If the pandemic has taught us anything it’s what it means to be resilient in a crisis: to mitigate impacts or shocks, and to respond and recover quickly. As we become more hyperconnected, we know this won’t be the last pandemic we will face. In business as with public health, there is no room for complacency. Together, we must learn lessons from today’s crisis to prepare for whatever challenges the future may hold.
About the author
Stephen Corfield is Head of Industry at Salesforce.
Key to building resilience, firstly, is realism: to recognize you have a problem and solve it. Secondly is optimism, to innovate and deliver success from anywhere. As we emerge from the pandemic, we know we’re not going back to the way things were. We are moving to an all-digital, work-from-anywhere world. It’s time for investment – in technology, people, and for future generations. To this end, there are three principles that organizations and businesses of all sizes should follow to become and remain agile in a changing world.
Learn to pivot between virtual and physical worlds
The difference between this pandemic and previous pandemics has been the ability of businesses to continue operating and serving customers, largely because of technology. Companies around the world have had to fundamentally rethink their operating models in response to COVID-19.
COVID-19 has accelerated the digital transformation of all aspects of our society. Where CEOs previously delegated their digital strategy, today more and more want to take direct leadership. They realize it’s imperative to the very survival of their business and building better resilience.
From now on remote work will just be work. E-commerce will just be commerce. Video meetings will just be meetings. As the pandemic persists, and in preparation for the next crisis, whether global or local, from retail to education and healthcare, all industries must adapt to a world that is partly virtual and partly physical. Every company has to be able to work, sell, service, market, collaborate, and analyze data from anywhere.
Maximize diversity and empower teams to make decisions
It’s no secret that workplaces with greater diversity tend to be more innovative and successful. For instance, Mckinsey’s 2019 Diversity analysis found that companies with the best gender diversity on executive teams were 25 percent more likely to have above-average profitability than companies with the least diversity. In the case of ethnic and cultural diversity, they also found that in 2019, the most diverse companies outperformed the others by 36 percent in profitability, highlighting how the likelihood of out performance continues to be higher for diversity in ethnicity than for gender.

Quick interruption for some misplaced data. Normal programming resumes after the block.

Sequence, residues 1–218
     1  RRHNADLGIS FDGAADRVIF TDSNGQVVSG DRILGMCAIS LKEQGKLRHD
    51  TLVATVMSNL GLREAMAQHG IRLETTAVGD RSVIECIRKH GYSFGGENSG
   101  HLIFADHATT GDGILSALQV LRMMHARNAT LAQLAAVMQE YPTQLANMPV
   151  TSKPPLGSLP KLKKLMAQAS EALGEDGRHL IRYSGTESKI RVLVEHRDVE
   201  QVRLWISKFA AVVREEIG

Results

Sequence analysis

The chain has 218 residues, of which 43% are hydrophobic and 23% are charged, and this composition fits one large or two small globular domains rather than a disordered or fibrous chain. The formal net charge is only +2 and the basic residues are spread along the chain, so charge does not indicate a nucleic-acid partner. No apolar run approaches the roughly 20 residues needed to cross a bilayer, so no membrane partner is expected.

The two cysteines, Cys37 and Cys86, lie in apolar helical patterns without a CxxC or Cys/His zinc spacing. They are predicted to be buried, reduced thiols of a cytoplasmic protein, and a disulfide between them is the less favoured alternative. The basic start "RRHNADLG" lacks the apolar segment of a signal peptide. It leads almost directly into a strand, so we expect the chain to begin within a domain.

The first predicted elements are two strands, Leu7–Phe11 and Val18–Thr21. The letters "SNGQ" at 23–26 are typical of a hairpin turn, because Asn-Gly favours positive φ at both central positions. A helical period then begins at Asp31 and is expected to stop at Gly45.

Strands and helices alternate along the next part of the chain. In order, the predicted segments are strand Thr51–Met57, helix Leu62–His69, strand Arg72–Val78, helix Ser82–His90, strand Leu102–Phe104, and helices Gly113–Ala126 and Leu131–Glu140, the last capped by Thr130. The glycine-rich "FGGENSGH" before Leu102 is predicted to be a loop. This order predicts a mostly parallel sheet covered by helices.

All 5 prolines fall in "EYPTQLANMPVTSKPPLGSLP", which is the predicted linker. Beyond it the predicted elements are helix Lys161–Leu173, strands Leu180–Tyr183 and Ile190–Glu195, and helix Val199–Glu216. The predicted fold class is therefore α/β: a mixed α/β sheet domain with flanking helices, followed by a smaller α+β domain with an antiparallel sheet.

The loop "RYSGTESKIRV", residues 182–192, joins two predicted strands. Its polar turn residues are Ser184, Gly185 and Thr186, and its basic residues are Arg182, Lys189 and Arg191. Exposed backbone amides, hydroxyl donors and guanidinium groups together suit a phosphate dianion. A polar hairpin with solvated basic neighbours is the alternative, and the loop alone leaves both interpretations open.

By maximizing the diversity of teams, in terms of gender, age, race, skills and knowledge, organizations will be more likely to consider surprises and anomalies. Together teams can cultivate a company culture of thinking outside of the box, leveraging different perspectives to consider where risks may come from and how they can respond when they occur. Businesses, by diversifying their products and assets, can also better position themselves to avail of economic opportunities.
Organizations should also look to deconcentrate decision-making. Many organizations, to their detriment, have tended to concentrate information and power in a single individual or place. Should something happen to that person or place, absence of planning can have ramifications for the entire system. By empowering people with more data and analytics and decision-making capacity, providing a greater sense of purpose, skills, and meaning, at every level organizations will become more resilient to disruption.
For everyone to flourish, we need to collaborate
We can’t be resilient against everything, but we can be strategic; allowing time to respond and minimize the worst possible impacts of a crisis. Whether it’s building things like vaccine manufacturing capacity or technologies to help us stay connected, it’s imperative that we develop sustainable solutions that will help businesses and society to flourish in unfamiliar situations. Take collaboration technology for instance. Although these tools existed before the pandemic, we’re going to continue to see a huge wave of innovation which will make workplace collaboration and socialization easier and simpler.
As we emerge from the pandemic, parallels with the climate emergency are striking. Both require a collective response which is responsible and sustainable, now and for future generations. Just as the pandemic has taught us to understand what we truly value, to address climate change and overcome other challenges we must cooperate, together prepare for the challenges ahead and continue to build better businesses and society than we had before.